Back in the 1990s, when I wasn’t working, I was playing with my children. Stills photography was essentially a by-product of the job, and to my mind didn’t feature prominently in my life, although I carried a camera as frequently as some people would wear a watch, and would record rather than notice the passage of time. Now, nearly 25 years on, my old transparencies are bringing back happy memories – the idea that you should never look back must always be tempered by whether you can remember doing anything interesting.

Gannet parent with chick.

In the early 1990s, there wasn’t a lot of money in taking stills pictures, unless you really worked hard at it  to the exclusion of everything else. When you did send your originals off to a magazine for publication, they would often dutifully scratch or lose them, usually with great distain, as if it was a publishers duty to be incompetent. Sometimes they would pay a fee for the use of a picture, but usually this barely covered the price of the film stock – it was insulting, and a total waste of time; so I never sent out pictures even when requested to do so, and when ‘the book of the film’ went into production my pictures were, in most cases… never there.

So it was that only a few of my slides made it out of their boxes. I’d hold one up to the light for a squint and check for correct exposure… then put them away again. Were they in focus? How would I ever know without projecting them? It now seems a pity to have waited so long to bring them to light, because even by old film standards the results turned out better than expected.

The gannets were just a small part of a work in progress for the Channel 4 series 'Wildshots'.
The gannets were just a small part of a work in progress for Chris Packham’s  Channel 4 series ‘Wild Shots’.

I must admit to have really enjoyed working on this series. It was the first time I’d used video on a project for television – at the time a great deal was being shot on magnetic tape. Previously I’d always worked with 16mm film, and must acknowledge the delight that comes from filming and editing programmes in this medium, but back then video provided some advantages that are still with us today when utilising digital photography.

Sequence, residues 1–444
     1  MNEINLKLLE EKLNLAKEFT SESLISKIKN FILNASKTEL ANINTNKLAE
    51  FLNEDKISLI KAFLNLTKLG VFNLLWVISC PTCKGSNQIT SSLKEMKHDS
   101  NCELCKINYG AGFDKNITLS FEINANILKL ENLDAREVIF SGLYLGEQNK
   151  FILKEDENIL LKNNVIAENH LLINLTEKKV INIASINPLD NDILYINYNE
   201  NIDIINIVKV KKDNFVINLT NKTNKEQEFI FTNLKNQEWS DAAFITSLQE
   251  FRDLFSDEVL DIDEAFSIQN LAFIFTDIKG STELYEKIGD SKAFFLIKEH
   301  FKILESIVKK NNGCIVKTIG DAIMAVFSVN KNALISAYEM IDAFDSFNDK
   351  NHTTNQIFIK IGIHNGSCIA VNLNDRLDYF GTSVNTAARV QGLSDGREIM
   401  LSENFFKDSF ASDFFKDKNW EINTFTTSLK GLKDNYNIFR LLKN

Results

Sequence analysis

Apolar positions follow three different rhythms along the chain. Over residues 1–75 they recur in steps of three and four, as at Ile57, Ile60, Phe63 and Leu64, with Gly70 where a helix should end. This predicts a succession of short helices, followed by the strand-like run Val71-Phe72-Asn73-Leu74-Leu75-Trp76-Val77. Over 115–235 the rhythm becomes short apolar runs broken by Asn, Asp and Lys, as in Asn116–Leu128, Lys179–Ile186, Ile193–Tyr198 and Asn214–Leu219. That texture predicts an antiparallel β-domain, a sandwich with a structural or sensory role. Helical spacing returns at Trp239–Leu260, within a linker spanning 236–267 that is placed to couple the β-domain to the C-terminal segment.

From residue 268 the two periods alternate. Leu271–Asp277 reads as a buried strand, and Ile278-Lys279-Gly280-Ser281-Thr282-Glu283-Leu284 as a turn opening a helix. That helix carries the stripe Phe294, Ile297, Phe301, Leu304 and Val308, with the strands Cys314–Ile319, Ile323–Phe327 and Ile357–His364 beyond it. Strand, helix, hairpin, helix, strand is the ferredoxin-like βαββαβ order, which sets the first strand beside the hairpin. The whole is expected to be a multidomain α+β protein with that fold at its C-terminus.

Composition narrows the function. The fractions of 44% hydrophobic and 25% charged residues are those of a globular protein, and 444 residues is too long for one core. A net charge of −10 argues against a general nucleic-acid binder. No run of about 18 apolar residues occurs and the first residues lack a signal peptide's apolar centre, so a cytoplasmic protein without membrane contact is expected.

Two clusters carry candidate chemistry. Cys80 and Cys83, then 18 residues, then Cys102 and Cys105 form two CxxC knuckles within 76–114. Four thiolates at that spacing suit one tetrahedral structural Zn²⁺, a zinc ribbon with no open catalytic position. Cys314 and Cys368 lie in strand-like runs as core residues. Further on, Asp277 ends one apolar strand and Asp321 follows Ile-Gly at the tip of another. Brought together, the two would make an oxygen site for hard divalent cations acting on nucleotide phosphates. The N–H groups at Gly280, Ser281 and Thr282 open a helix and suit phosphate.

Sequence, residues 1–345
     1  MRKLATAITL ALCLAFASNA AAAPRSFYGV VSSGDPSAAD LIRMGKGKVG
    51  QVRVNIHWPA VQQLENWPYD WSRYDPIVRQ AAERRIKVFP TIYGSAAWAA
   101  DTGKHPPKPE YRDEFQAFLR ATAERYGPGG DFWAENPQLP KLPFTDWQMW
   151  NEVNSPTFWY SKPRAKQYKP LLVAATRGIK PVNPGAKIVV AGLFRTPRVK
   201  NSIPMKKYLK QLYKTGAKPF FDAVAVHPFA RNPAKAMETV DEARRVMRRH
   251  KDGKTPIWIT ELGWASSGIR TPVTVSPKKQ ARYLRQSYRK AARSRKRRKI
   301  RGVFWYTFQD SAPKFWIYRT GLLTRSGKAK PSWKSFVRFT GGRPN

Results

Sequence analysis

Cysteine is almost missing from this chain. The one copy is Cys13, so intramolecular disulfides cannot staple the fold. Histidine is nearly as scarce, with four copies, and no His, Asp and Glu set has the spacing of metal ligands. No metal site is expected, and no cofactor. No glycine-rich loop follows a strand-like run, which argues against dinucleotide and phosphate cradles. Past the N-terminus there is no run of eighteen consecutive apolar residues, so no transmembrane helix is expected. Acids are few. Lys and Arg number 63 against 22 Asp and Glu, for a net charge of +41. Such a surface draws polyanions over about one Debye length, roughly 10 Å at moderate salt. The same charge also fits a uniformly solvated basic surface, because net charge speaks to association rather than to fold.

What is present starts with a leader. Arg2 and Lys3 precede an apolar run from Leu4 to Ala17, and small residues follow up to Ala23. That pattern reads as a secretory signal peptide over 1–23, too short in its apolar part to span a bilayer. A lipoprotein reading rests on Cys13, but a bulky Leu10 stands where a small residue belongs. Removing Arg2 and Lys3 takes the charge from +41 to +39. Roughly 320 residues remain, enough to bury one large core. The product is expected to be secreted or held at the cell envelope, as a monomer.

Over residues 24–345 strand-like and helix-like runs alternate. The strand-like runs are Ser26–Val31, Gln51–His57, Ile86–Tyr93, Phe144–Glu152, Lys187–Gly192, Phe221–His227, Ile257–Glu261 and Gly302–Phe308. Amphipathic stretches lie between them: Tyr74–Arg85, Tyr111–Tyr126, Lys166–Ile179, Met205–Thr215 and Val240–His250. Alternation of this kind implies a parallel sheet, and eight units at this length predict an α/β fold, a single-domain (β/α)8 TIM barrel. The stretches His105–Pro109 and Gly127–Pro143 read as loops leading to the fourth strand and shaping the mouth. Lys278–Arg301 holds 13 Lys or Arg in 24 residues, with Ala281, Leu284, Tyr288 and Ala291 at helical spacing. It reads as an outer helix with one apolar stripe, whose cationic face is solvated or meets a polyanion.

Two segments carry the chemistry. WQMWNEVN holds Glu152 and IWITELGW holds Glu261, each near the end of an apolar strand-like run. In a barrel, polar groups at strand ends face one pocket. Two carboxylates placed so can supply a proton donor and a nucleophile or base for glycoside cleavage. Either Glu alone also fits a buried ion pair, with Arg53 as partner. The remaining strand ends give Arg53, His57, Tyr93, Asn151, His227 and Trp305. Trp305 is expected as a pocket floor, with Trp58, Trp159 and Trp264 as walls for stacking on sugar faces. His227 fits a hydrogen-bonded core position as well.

One advantage of video tape and modern digital systems is that they capture more information than film is capable of in low light conditions. The first video shots I took on the series were on a dank miserable day in the New Forest  – there was very little light and it rained almost continuously, so it was a surprise to me that these autumnal scenes and close ups displayed such good exposure and colour saturation. If I had been working on film, I doubt that I would have taken the camera out of its bag because the results would have been so poor. 

On tape and with modern digital cameras, colour saturaltion is often very good even in poor light.
With tape and modern digital cameras, colour saturation is often very good even when the light was poor.

I grew up with film, but am now a great advocate of electronic systems. For years I dragged myself through the dark ages of emulsions carried on celluloid until, with the 21t Century, came improvements in digital photography that continue to the present day. With such advances, only a person with their feet set firmly in concrete, would go back and preferentially use film. Nostalgia is exactly what the word says – it has nothing to do with progress.

Having said that, a film negative might in the end last longer in storage than a digital image – only time will tell. Part of the problem lies in the rapidity with which storage methods are changing rather than the image itself. You might record a really great picture, but with technology now moving so fast, there will in future be limited options to view it. 



2018-01-23-0006.FIX.©.SMALLThere is then a positive side to old methods, not only can film capture historically significant events and retain them, it can also provide old data to compare how things were in the past with how they are now and by extrapolation, how they will be in the future.

When videoing the gannets on Bass Rock back in 1993, I was told there were 18,000 gannets nesting on the island, but suspect that I ,or somebody else misinterpreted that figure by a factor of ten. The correct number is more likely to have been 180,000, because the number today runs at about 150,000 birds and I can’t imagine squeezing 162,000 more into the available space that I experienced on my first and only visit. Whatever the case this location now has the largest colony of nesting gannets in the Northern Hemisphere and that’s impressive.

This kind of colonial behaviour provides a good opportunity to note any changes in bird numbers over time by comparing old pictures with new; and technology is always improving the possibilities. Drones for example, might now fly directly overhead to provide more carefully standardised comparisons, and should be achievable without causing disturbance to the birds and at very little cost.